4. [tt]iphone users are sitting ducks, I phone makers are agents for Big Brother... [/tt]http://www.guardian.co.uk/technology/2011/apr/20/iphone-tracking-prompts-privacy-fears iPhone keeps record of everywhere you go Privacy fears raised as researchers reveal file on iPhone that stores location coordinates and timestamps of owner's movements guardian.co.uk, Wednesday 20 April 2011 14.06 BST Article history [img alt=iphone tracking height=276 width=460] Apple’s iPhone saves every detail of your movements to a file on the device. Photograph: Linda Nylind for the Guardian Security researchers have discovered that Apple's iPhone keeps track of where you go – and saves every detail of it to a secret file on the device which is then copied to the owner's computer when the two are synchronised. The file contains the latitude and longitude of the phone's recorded coordinates along with a timestamp, meaning that anyone who stole the phone or the computer could discover details about the owner's movements using a simple program. For some phones, there could be almost a year's worth of data stored, as the recording of data seems to have started with Apple's iOS 4 update to the phone's operating system, released in June 2010. "Apple has made it possible for almost anybody – a jealous spouse, a private detective – with access to your phone or computer to get detailed information about where you've been," said Pete Warden, one of the researchers. Only the iPhone records the user's location in this way, say Warden and Alasdair Allan, the data scientists who discovered the file and are presenting their findings at the Where 2.0 conference in San Francisco on Wednesday. "Alasdair has looked for similar tracking code in [Google's] Android phones and couldn't find any," said Warden. "We haven't come across any instances of other phone manufacturers doing this." Simon Davies, director of the pressure group Privacy International, said: "This is a worrying discovery. Location is one of the most sensitive elements in anyone's life – just think where people go in the evening. The existence of that data creates a real threat to privacy. The absence of notice to users or any control option can only stem from an ignorance about privacy at the design stage." Warden and Allan point out that the file is moved onto new devices when an old one is replaced: "Apple might have new features in mind that require a history of your location, but that's our specualtion. The fact that [the file] is transferred across [to a new iPhone or iPad] when you migrate is evidence that the data-gathering isn't accidental." But they said it does not seem to be transmitted to Apple itself. [img alt=iphone-data-map height=276 width=460] Map shows location data collected from an iPhone that had been used in the southwest of England Although mobile networks already record phones' locations, it is only available to the police and other recognised organisations following a court order under the Regulation of Investigatory Power Act. Standard phones do not record location data. MPs in 2009 criticised the search engine giant Google for its "Latitude" system, which allowed people to enable their mobile to give out details of their location to trusted contacts. At the time MPs said that Latitude "could substantially endanger user privacy", but Google pointed out that users had to specifically choose to make their data available. The iPhone system, by contrast, appears to record the data whether or not the user agrees. Apple declined to comment on why the file is created or whether it can be disabled. Warden and Allan have set up a web page which answers questions about the file, and created a simple downloadable application to let Apple users check for themselves what location data the phone is retaining. The Guardian has confirmed that 3G-enabled devices including the iPad also retain the data and copy it to the owner's computer. If someone were to steal an iPhone and "jailbreak" it, giving them direct access to the files it contains, they could extract the location database directly. Alternatively, anyone with direct access to a user's computer could run the application and see a visualisation of their movements. Encrypting data on the computer is one way to protect against it, though that still leaves the file on the phone. Graham Cluley, senior technology consultant at the security company Sophos, said: "If the data isn't required for anything, then it shouldn't store the location. And it doesn't need to keep an archive on your machine of where you've been." He suggested that Apple might be hoping that it would yield data for future mobile advertising targeted by location, although he added: "I tend to subscribe to cockup rather than conspiracy on things like this – I don't think Apple is really trying to monitor where users are." [img alt=iphone data height=152 width=460] The data inside the file containing the location and time information. This is used to plot the map above The location file came to light when Warden and Allan were looking for a source of mobile data. "We'd been discussing doing a visualisation of mobile data, and while Alasdair was researching into what was available, he discovered this file. At first we weren't sure how much data was there, but after we dug further and visualised the extracted data, it became clear that there was a scary amount of detail on our movements," Warden said. They have blogged about their discovery at O'Reilly's Radar site, noting that "why this data is stored and how Apple intends to use it — or not — are important questions that need to be explored." The pair of data scientists have collaborated on a number of data visualisations, including a map of radiation levels in Japan for The Guardian. They are developing a Data Science Toolkit for dealing with location data. Davies said that the discovery of the file indicated that Apple had failed to take users' privacy seriously. Apple can legitimately claim that it has permission to collect the data: near the end of the 15,200-word terms and conditions for its iTunes program, used to synchronise with iPhones, iPods and iPads, is an 86-word paragraph about "location-based services". It says that "Apple and our partners and licensees may collect, use, and share precise location data, including the real-time geographic location of your Apple computer or device. This location data is collected anonymously in a form that does not personally identify you and is used by Apple and our partners and licensees to provide and improve location-based products and services. For example, we may share geographic location with application providers when you opt in to their location services." Privacy invasions via technologyApril 2011: iPhone location British researchers on Wednesday revealed that iPhones (and 3G-enabled iPads) keep track of where you go, including timestamps, on a file that is backed up on your computer and shifted onto any new iPhone or iPad you get. Apple hasn't said why the file is created or whether the tracking can be prevented. October 2010: US Transportation Security Agency's X-ray scanners The "porno scanners" (as they quickly became known) offered a clothes-free vision of people passing through the backscatter machines (whose level of X-ray exposure was also questioned). People who objected to going through those were obliged to go through remarkably intimate examinations – none of which endeared the TSA to air travellers. April 2010: Google captures Wi-Fi data In a series of increasingly embarrassed blogposts over the course of April, May and June, Google admitted that while its cars were driving around to capture its (already slightly controversial) Street View pictures of locations around the world, it had also captured Wi-Fi network names – and data from the open ones, potentially including passwords and usernames. The dispute over whether Google should delete the data, and whether it had broken the law in various countries, rumbled on for months. December 2009: Eric Schmidt In a speech, Google's then-chief executive Eric Schmidt suggested that: "If you have something that you don't want anyone to know, maybe you shouldn't be doing it in the first place. If you really need that kind of privacy, the reality is that search engines – including Google – do retain this information for some time and it's important, for example, that we are all subject in the United States to the Patriot Act and it is possible that all that information could be made available to the authorities." His words provoked an outcry from privacy rights campaigners, who pointed out that privacy is a right, and that it protects every citizen from abuses by those in power.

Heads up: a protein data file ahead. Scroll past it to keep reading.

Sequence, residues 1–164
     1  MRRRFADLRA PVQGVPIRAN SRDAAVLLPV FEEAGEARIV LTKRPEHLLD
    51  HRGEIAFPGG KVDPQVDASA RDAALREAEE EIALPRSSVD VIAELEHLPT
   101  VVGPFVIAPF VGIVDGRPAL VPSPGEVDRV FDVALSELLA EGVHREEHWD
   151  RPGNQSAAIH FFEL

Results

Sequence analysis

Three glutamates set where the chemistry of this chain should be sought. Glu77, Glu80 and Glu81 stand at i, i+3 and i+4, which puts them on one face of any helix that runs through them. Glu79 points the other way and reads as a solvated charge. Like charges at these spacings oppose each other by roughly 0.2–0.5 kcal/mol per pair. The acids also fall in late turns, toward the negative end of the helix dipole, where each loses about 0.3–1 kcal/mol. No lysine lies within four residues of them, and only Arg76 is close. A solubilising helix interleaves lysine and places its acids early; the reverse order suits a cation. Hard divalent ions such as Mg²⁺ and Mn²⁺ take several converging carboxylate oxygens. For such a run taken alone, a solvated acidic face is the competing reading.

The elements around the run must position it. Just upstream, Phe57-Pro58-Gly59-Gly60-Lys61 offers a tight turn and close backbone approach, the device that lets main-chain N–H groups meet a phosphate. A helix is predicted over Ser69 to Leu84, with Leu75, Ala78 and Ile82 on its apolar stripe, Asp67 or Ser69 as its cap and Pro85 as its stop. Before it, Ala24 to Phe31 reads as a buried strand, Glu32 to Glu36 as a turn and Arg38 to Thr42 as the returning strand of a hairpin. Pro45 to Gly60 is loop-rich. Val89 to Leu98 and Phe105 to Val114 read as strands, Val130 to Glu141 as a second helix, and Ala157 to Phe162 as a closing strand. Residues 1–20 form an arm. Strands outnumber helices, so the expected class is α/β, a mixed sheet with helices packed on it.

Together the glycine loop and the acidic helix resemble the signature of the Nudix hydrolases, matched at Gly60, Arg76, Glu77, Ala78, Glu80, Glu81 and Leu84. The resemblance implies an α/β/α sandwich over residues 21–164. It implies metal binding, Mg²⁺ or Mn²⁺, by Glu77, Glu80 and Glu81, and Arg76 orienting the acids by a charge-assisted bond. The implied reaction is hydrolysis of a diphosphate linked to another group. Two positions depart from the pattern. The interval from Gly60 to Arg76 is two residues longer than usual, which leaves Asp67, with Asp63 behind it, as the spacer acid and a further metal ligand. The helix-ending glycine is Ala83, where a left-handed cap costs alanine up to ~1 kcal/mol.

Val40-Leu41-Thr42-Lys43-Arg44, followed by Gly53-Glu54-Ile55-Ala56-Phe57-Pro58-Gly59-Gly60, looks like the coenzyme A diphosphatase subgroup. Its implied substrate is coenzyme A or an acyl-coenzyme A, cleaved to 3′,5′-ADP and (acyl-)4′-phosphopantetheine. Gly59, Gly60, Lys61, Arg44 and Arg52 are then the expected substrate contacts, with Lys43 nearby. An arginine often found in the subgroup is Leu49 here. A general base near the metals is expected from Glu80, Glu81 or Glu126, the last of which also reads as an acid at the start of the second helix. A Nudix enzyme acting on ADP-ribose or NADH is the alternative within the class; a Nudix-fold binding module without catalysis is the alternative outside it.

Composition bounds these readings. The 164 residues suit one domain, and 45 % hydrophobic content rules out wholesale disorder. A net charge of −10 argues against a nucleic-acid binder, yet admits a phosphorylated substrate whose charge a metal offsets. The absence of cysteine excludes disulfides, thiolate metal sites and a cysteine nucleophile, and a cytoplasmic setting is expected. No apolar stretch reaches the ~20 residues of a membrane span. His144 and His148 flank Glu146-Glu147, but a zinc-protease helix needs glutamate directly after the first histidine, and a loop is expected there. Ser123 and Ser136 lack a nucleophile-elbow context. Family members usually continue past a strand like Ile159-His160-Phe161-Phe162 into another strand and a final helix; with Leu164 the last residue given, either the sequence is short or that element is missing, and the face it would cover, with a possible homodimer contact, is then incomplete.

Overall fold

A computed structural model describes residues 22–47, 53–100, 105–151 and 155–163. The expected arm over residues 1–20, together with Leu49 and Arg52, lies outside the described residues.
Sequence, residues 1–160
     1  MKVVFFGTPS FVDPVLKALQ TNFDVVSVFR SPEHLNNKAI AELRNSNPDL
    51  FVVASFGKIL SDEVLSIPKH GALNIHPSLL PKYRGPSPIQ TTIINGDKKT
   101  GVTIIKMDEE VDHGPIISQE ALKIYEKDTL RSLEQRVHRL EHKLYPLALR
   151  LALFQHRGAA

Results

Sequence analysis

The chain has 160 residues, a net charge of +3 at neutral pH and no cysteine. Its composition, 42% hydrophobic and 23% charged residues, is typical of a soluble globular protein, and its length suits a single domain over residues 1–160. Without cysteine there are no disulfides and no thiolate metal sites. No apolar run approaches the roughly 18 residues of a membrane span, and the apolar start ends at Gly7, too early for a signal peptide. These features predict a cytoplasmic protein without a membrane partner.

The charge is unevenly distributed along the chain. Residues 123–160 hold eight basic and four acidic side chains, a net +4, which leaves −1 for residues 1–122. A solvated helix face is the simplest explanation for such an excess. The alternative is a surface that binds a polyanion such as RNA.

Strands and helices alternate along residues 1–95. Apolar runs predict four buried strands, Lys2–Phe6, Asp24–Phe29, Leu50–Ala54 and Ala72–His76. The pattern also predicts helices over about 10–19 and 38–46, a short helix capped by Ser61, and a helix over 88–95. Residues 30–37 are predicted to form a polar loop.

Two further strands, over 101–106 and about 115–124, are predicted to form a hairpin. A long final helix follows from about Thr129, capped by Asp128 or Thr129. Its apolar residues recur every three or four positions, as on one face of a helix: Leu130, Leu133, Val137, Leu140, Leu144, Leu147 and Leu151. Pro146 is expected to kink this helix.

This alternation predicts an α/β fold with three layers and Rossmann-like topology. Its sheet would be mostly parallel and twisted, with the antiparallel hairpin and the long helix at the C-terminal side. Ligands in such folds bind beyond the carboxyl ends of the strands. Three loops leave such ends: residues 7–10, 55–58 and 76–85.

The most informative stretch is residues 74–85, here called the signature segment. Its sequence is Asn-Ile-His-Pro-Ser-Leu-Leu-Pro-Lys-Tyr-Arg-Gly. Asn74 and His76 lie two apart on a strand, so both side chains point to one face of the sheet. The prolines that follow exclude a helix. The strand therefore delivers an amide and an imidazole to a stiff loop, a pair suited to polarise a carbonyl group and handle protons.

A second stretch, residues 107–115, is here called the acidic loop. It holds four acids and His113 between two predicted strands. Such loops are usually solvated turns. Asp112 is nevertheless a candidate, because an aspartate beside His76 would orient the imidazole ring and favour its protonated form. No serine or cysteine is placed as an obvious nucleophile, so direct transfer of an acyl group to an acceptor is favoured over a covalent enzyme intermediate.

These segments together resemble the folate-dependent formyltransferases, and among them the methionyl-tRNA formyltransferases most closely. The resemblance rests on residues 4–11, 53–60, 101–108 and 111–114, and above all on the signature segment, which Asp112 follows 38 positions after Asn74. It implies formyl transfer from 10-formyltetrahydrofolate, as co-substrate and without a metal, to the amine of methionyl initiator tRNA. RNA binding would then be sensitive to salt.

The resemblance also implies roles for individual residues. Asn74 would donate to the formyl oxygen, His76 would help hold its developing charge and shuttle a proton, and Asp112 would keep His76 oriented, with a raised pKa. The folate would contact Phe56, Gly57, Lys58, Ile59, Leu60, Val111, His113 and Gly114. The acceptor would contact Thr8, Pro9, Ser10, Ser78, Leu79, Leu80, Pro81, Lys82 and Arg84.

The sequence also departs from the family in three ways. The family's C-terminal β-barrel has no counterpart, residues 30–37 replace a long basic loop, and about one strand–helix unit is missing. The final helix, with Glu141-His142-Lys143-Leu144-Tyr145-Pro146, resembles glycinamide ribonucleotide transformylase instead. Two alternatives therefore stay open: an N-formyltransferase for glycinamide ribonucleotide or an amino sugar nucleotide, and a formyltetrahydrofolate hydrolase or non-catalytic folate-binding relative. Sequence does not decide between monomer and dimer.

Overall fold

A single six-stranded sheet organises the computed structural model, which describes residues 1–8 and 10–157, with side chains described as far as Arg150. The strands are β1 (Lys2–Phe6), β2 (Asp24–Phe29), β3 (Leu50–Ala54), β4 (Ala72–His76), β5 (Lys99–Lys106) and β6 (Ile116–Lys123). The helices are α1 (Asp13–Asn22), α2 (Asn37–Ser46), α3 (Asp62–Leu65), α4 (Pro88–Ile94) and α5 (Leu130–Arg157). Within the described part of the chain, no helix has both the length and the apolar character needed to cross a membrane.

5. 12 Volt Minder UPG 71730 Low Voltage Warning Device for 12 volt battery systems. Prevent low or dead batteries by installing Volt Minder which has both LCD voltage read out and audible alarm. Customer adjustable low voltage setting, with a range of 10.5 to 13.8 volts, and audible on and off switch. Automatically monitors charging system and detects battery loads. $ 30 with cigarette lighter adapter cable. very accurate voltmeter too! http://www.batterystuff.com/battery-products/UPGvoltminder.html WE DONT SELL 'EM BUT USE THEM WOLF WOLFVID.COM